GMAT Question of the Day - Daily to your Mailbox; hard ones only

It is currently 25 Jun 2018, 02:42

Close

GMAT Club Daily Prep

Thank you for using the timer - this advanced tool can estimate your performance and suggest more practice questions. We have subscribed you to Daily Prep Questions via email.

Customized
for You

we will pick new questions that match your level based on your Timer History

Track
Your Progress

every week, we’ll send you an estimated GMAT score based on your performance

Practice
Pays

we will pick new questions that match your level based on your Timer History

Not interested in getting valuable practice questions and articles delivered to your email? No problem, unsubscribe here.

Close

Request Expert Reply

Confirm Cancel

Events & Promotions

Events & Promotions in June
Open Detailed Calendar

Five pieces of wood have an average (arithmetic mean) length of 124

  new topic post reply Question banks Downloads My Bookmarks Reviews Important topics  
Author Message
TAGS:

Hide Tags

4 KUDOS received
Intern
Intern
User avatar
Joined: 01 Aug 2009
Posts: 28
Location: Australia
Five pieces of wood have an average (arithmetic mean) length of 124 [#permalink]

Show Tags

New post 04 Aug 2009, 23:38
4
00:00
A
B
C
D
E

Difficulty:

  45% (medium)

Question Stats:

71% (01:17) correct 29% (01:34) wrong based on 763 sessions

HideShow timer Statistics

Five pieces of wood have an average (arithmetic mean) length of 124 centimeters and a median length of 140 centimeters. What is the maximum possible length, in centimeters, of the shortest piece of wood?

A. 90
B. 100
C. 110
D. 130
E. 140

_________________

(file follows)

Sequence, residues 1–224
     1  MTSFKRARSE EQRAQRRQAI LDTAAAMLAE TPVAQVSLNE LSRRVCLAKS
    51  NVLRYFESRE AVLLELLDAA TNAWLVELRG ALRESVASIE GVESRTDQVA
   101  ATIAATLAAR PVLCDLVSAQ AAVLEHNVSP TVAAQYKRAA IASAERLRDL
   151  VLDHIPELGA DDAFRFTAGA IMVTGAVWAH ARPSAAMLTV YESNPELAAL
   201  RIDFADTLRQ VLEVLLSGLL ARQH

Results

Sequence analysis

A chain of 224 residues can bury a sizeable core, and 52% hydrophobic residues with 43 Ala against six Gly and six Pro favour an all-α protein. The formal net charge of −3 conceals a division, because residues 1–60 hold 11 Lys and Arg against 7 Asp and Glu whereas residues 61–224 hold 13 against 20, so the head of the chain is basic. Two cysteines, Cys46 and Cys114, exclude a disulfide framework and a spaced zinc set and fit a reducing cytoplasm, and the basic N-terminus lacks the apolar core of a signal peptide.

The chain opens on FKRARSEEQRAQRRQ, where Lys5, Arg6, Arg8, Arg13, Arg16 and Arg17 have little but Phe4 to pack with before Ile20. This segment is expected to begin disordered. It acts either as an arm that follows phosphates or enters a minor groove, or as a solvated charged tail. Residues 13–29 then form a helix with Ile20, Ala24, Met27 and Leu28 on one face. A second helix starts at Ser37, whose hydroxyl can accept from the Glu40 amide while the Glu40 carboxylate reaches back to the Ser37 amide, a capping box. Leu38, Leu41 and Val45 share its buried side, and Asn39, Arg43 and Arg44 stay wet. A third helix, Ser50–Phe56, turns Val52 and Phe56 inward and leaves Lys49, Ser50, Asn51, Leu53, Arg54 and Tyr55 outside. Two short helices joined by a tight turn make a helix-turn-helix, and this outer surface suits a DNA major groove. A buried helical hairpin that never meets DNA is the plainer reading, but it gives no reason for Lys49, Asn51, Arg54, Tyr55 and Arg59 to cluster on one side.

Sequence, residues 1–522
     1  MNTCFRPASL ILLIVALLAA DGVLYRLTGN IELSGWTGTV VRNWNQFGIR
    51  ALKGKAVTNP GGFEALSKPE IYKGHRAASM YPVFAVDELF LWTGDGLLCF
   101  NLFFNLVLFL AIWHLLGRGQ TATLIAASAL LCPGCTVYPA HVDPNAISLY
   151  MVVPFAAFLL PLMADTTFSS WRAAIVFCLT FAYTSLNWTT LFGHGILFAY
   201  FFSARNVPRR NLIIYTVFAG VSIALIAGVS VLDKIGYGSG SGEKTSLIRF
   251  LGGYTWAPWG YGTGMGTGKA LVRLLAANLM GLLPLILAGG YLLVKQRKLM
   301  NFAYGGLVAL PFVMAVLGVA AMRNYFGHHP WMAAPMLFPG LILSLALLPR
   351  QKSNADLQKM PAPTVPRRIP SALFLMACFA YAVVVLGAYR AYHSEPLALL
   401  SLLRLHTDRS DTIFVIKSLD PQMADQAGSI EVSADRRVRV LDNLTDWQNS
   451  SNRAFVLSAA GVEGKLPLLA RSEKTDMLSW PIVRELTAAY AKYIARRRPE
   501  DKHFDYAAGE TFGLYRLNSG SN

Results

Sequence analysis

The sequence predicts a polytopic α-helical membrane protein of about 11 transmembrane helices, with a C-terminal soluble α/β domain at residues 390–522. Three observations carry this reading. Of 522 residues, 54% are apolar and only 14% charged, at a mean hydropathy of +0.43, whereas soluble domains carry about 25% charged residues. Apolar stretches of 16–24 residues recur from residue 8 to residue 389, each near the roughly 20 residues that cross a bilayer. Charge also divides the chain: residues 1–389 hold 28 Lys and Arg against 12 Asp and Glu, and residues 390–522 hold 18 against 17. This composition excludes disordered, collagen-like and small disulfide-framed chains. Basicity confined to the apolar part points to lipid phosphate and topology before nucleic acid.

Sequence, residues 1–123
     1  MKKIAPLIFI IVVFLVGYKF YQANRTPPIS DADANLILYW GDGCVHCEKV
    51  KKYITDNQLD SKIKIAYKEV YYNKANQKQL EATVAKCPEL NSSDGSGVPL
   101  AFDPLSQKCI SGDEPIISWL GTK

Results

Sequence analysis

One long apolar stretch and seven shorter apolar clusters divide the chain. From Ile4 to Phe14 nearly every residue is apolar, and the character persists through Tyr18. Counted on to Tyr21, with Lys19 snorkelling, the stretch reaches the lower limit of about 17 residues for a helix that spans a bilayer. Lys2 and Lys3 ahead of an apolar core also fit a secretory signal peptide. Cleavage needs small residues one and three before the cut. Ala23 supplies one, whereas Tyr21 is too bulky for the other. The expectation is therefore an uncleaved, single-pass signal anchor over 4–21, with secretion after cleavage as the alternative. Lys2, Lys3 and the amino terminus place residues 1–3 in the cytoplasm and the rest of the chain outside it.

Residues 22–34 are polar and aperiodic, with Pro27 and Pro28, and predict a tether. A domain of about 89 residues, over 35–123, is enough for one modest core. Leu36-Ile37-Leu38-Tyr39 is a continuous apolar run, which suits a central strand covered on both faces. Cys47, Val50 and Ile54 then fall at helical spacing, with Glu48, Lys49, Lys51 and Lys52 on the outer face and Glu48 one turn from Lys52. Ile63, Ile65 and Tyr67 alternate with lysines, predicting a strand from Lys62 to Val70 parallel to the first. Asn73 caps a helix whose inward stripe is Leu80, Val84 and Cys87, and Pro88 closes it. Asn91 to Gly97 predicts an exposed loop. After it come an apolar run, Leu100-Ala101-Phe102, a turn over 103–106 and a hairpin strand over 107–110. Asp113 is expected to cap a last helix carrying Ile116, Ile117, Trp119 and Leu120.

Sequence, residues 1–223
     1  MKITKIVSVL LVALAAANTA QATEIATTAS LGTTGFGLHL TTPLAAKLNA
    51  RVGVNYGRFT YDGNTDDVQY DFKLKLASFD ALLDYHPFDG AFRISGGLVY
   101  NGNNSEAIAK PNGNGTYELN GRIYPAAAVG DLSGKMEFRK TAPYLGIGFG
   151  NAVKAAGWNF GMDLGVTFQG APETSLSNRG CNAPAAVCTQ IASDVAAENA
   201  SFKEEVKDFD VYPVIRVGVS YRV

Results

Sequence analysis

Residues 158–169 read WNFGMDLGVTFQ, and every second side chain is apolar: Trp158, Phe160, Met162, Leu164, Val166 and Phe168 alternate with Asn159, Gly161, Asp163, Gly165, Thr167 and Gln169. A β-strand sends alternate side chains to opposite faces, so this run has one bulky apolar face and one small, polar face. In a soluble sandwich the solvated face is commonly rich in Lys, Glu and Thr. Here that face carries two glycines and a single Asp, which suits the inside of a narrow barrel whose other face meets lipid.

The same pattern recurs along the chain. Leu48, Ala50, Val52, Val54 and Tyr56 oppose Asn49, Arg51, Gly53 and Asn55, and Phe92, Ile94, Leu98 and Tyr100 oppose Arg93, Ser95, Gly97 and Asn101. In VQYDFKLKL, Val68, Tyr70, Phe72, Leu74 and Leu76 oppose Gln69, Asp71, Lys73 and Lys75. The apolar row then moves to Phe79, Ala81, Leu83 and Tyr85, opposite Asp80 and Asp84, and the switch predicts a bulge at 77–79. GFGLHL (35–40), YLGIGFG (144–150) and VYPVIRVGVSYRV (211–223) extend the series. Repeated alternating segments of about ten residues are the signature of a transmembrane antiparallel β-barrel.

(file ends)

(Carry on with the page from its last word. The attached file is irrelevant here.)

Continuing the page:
The three most significant times in your life are:
1. When you fall in love
2. The birth of your first child
3. When you prepare for your GMAT

1 KUDOS received
Manhattan Prep Instructor
User avatar
Joined: 28 Aug 2009
Posts: 153
Location: St. Louis, MO
Schools: Cornell (Bach. of Sci.), UCLA Anderson (MBA)
Re: Five pieces of wood have an average (arithmetic mean) length of 124 [#permalink]

Show Tags

New post 30 Jun 2010, 13:42
1
For questions with a fixed sum (here 5*avg = 620), if you need to maximize one term, then you minimize all the others. Likewise, if asked to minimize one term, you maximize all the others.

I find it useful to create placeholders for the terms on paper, filling in with numbers/variables:

(In order, smallest to largest)
x / x / 140 / 140 / 140 = sum of 620
_________________


Emily Sledge | Manhattan GMAT Instructor | St. Louis

Manhattan GMAT Discount | Manhattan GMAT Course Reviews | Manhattan GMAT Reviews

Expert Post
2 KUDOS received
Math Expert
User avatar
V
Joined: 02 Sep 2009
Posts: 46334
Five pieces of wood have an average (arithmetic mean) length of 124 [#permalink]

Show Tags

New post 23 Sep 2010, 05:50
2
1
Five pieces of wood have an average (arithmetic mean) length of 124 centimeters and a median length of 140 centimeters. What is the maximum possible length, in centimeters, of the shortest piece of wood?

A. 90
B. 100
C. 110
D. 130
E. 140

Given: 5 peices of wood have an average length of 124 centimeters --> total length = 124*5=620. Also median = 140.

If a set has odd number of terms the median of a set is the middle number when arranged in ascending or descending order;
If a set has even number of terms the median of a set is the average of the two middle terms when arranged in ascending or descending order.


As we have odd # of pieces then 3rd largest piece \(x_3=median=140\).

So if we consider the pieces in ascending order of their lengths we would have \(x_1+x_2+140+x_4+x_5=620\).

Question: what is the MAX possible length of the shortest piece of wood? Or \(max(x_1)=?\)

General rule for such kind of problems:
to maximize one quantity, minimize the others;
to minimize one quantity, maximize the others.

So to maximize \(x_1\) we should minimize \(x_2\), \(x_4\) and \(x_5\). Min length of the second largest piece of wood, \(x_2\) could be equal to \(x_1\) and the min lengths of \(x_4\) and \(x_5\) could be equal to 140 --> \(x_1+x_1+140+140+140=620\) --> \(x_1=100\).

Answer: B.
_________________

New to the Math Forum?
Please read this: Ultimate GMAT Quantitative Megathread | All You Need for Quant | PLEASE READ AND FOLLOW: 12 Rules for Posting!!!

Resources:
GMAT Math Book | Triangles | Polygons | Coordinate Geometry | Factorials | Circles | Number Theory | Remainders; 8. Overlapping Sets | PDF of Math Book; 10. Remainders | GMAT Prep Software Analysis | SEVEN SAMURAI OF 2012 (BEST DISCUSSIONS) | Tricky questions from previous years.

Collection of Questions: